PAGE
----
Sweden’s Defense Commission has proposed that the number of JAS 39E fighters bought should increase from the 60 ordered to 70. The final delivery of the 60 JAS 39Es is due to take place in the mid-2020s.
The Finnish government is expected to set its 2017 defense-budget allocation at around $3.3 billion. This is marginally higher than the $3.27 billion allocation for 2016, which was increased from $3.1 billion in 2015.
Spending on defense in Finland remains weak and constrained by a series of austerity budgets since the economy hit the 2008 crisis. The ratio of defense spending to GDP is currently running at around 1.37 percent.
The drive to achieve further efficiency-based cost savings will continue in 2017-2018. The Ministry of Defense (MoD) expects to bolster the Finnish Armed Force’s (FAF) procurement budget in 2017.
"The armed forces will have a larger procurement budget in 2017. More cutbacks are inevitable, also in the administrative side, as we reform the military organization and face a number of costly acquisition programs," Finish Defense Minister Jussi Niinistö has said.
But it remains to be seen how the FAF will cope with modest increases in funding in the face of several major procurement programs. These include the replacement of its Boeing F/A-18 fighter fleet, and the Navy’s surface ship modernization requirements.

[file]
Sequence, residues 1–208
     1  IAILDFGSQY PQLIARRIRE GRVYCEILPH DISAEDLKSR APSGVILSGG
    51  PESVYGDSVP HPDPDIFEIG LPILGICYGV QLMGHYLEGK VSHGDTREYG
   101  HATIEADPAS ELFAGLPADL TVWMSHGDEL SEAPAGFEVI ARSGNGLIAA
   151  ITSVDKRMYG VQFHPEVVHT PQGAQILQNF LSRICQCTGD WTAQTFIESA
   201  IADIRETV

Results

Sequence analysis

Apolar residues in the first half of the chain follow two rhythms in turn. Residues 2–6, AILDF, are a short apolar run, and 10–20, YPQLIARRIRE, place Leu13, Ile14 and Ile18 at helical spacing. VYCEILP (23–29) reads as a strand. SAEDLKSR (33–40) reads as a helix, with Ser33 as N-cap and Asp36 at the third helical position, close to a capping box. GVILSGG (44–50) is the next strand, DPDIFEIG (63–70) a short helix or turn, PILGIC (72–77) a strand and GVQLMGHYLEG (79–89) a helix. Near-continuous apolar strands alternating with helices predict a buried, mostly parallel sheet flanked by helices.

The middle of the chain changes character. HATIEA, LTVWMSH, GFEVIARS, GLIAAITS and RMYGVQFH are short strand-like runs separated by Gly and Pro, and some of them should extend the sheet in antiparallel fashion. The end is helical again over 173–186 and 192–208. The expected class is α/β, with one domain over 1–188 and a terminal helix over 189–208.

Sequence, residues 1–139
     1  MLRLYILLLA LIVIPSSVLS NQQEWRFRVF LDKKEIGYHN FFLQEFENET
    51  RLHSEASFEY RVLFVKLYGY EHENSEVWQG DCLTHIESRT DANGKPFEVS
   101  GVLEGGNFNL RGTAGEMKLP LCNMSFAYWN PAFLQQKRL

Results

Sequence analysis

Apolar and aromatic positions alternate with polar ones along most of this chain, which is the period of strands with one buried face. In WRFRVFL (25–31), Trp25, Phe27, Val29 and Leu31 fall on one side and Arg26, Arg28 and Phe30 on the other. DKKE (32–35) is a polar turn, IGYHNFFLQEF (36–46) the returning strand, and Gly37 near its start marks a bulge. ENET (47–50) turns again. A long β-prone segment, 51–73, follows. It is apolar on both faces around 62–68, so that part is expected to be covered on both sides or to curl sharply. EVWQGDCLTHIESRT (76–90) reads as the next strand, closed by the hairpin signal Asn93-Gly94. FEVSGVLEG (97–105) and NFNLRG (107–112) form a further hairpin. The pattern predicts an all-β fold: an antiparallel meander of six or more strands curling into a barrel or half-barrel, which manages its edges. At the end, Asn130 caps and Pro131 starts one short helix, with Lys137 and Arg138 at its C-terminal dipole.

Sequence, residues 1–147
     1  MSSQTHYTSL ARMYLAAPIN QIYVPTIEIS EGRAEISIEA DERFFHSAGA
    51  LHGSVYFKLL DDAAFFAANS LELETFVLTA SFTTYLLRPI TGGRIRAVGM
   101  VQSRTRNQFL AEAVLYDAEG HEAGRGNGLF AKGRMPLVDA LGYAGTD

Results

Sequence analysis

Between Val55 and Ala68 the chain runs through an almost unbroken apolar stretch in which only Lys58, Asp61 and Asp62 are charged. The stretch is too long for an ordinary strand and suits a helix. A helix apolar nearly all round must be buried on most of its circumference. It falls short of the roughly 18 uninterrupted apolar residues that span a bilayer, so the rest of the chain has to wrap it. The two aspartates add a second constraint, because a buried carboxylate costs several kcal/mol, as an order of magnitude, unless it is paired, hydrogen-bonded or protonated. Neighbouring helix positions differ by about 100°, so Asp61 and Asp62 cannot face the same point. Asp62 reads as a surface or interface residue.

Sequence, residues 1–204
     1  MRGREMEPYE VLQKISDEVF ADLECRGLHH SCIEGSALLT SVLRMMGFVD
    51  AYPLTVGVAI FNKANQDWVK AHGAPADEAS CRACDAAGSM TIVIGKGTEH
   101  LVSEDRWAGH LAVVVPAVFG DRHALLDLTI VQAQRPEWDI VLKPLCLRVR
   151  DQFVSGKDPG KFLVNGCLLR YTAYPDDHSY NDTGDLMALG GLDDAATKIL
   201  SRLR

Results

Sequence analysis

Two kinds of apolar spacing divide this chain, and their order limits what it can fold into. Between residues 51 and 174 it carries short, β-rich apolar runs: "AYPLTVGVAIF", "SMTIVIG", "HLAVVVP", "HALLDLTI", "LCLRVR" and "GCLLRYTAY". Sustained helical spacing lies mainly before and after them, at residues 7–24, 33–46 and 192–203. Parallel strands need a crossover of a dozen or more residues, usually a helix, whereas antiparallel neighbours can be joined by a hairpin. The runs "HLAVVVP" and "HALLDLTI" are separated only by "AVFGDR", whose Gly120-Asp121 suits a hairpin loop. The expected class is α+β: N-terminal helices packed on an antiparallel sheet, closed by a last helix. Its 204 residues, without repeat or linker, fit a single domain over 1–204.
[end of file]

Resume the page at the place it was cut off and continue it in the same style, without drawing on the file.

The FAF’s logistics department sent out a request for information (RFI) for the acquisition of aircraft to replace its F/A-18 fighters in April. RFIs were dispatched to defense officials in the United States, France, Sweden and Britain for forwarding to manufacturers.
The Danish government’s decision to finance its fighter procurement program (FPP) within the annual defense budget framework could have serious consequences for the Danish Defense Forces’ (DDF) future capacity to both purchase essential weapon systems and modernize its land and naval wings.
The FPP’s cost has been conservatively estimated at $8.6 billion.
Under its five-year budget plan, the DDF’s budget amounts to $3.18 billion in 2016. The DDF will receive $3.23 billion in 2017, $3.14 billion in 2018 and $3 billion in 2019. Around $410 million has been shaved off the annual Danish defense budget since 2001.
Since 1988, Denmark’s defense budgets and security policy have been defined by multiyear agreements backed by a broad parliamentary majority.
"There is a real fear that the financing needs of new aircraft will consume much of the annual budget and leave little to cover other important military strengthening projects and equipment purchases," said Marie Krarup, the Danish People Party's (Dansk Folkeparti) spokesperson on defense.
Denmark’s military focus is expected to concentrate on its strategic interests in areas such as the policing of its large Arctic territories; raising operational capability in the Baltic Sea, and expanding the DDF’s capacity to participate in international missions.